Every weekend for nearly four years volunteers for the Tampa Heights Junior Civic Association have pitched in to rehabilitate the historical church which will be re-opened as a youth and community center.
  
A walking trail that slips past the Tampa Heights Community Garden on Frances Avenue and the future community center stops now at Seventh Avenue. But eventually the trail is planned as a link to the Riverwalk with possible offshoots to Perry Harvey Sr. Park and the Encore project, a mixed use, mixed-income residential and commercial development north of downtown.

"We're connecting with everything," says Lena Young-Green, president of the junior civic association. "We see it all circulating then expanding all through the neighborhoods."

Writer: Kathy Steele
Source: Tampa Mayor Bob Buckhorn; Brian Seel, Tampa Heights Civic Association; Lena Young-Green, Tampa Heights Junior Civic Association

Tampa Bay Lightning Owner Wins Ownership Of Channelside Bay Plaza

Tampa Bay Lightning owner Jeff Vinik's vision for redeveloping the beleaguered Channelside Bay Plaza shopping center is the winner in a legal battle over the plaza's future ownership.

A settlement agreement between Vinik's CBP Development and Liberty Channelside (a partnership of Convergent Capital and the Liberty Group) was approved by a Delaware bankruptcy judge on Monday. Port Tampa Bay and the Irish Bank Resolution Corporation also signed on to the agreement.

"We are happy with this agreement as it now creates a path for the turnaround of a very important community asset," says CBP executive Jim Shimberg in a joint statement released Monday. "We appreciate the efforts of Liberty Channelside, Port Tampa Bay and IBRC in helping resolve this matter."

According to court documents, CBP will pay $7.1 million for the lease and the port will pay $1.9 million to the bank for the mortgage. A settlement also is in place between Vinik's company and Liberty regarding certain lease assets, prior development plans put forth by Liberty and an end to pending litigation.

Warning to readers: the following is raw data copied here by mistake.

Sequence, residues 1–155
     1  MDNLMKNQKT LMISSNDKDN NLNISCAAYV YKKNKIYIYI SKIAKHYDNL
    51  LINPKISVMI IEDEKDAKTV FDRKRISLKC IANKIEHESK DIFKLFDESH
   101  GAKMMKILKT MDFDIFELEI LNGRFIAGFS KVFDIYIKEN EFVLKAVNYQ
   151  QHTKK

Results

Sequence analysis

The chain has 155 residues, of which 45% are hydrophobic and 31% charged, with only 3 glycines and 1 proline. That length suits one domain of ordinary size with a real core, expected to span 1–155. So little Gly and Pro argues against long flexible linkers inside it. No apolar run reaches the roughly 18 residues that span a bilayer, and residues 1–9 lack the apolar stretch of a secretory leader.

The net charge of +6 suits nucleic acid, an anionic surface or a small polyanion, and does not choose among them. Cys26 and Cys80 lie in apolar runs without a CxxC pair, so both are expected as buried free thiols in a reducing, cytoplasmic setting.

In the near future, the public will have a chance to view Vinik's proposed plan in more detail, says Lightning spokesman Trevor van Knotsenburg.

The plaza went into foreclosure in 2010 and has been mired in legal entanglements since. The Irish bank, which itself is in bankruptcy, owns the plaza; the Port owns the land beneath it.

At a July auction, Vinik's development group put in the highest bid for the lease at $7.1 million and later signed a $10 million letter of credit to cover maintenance costs. The port's board pre-approved the bid following a presentation of the company's proposed plan for 'Channelside Live', a mixed use venue with entertainment, shopping, restaurants and a hotel.

Convergent Capital and the Liberty Group did not make a presentation to the port's board but later offered $10 million for the lease and challenged the fairness of the auction. The bankruptcy judge expressed concerns about the process and had postponed a decision on ownership until Monday.

And then the agreement was reached.

"We are pleased this issue is resolved and are confident in Mr. Vinik's plans to redevelop the Channelside retail center," says Santosh Govindaraju, an owner of Liberty Channelside.